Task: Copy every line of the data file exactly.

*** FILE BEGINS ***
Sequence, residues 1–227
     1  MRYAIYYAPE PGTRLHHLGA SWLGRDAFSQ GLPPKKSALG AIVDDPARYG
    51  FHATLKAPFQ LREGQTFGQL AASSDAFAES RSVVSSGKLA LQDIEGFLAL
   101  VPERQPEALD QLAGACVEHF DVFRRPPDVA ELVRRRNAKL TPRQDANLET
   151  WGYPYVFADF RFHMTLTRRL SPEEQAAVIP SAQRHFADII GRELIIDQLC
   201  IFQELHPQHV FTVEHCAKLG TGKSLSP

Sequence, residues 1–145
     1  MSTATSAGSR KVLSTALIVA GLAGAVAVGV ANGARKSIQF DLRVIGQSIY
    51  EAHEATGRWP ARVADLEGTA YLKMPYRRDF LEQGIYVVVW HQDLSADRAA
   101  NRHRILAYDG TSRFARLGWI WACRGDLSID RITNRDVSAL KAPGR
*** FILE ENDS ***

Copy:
Sequence, residues 1–227
     1  MRYAIYYAPE PGTRLHHLGA SWLGRDAFSQ GLPPKKSALG AIVDDPARYG
    51  FHATLKAPFQ LREGQTFGQL AASSDAFAES RSVVSSGKLA LQDIEGFLAL
   101  VPERQPEALD QLAGACVEHF DVFRRPPDVA ELVRRRNAKL TPRQDANLET
   151  WGYPYVFADF RFHMTLTRRL SPEEQAAVIP SAQRHFADII GRELIIDQLC
   201  IFQELHPQHV FTVEHCAKLG TGKSLSP

Sequence, residues 1–145
     1  MSTATSAGSR KVLSTALIVA GLAGAVAVGV ANGARKSIQF DLRVIGQSIY
    51  EAHEATGRWP ARVADLEGTA YLKMPYRRDF LEQGIYVVVW HQDLSADRAA
   101  NRHRILAYDG TSRFARLGWI WACRGDLSID RITNRDVSAL KAPGR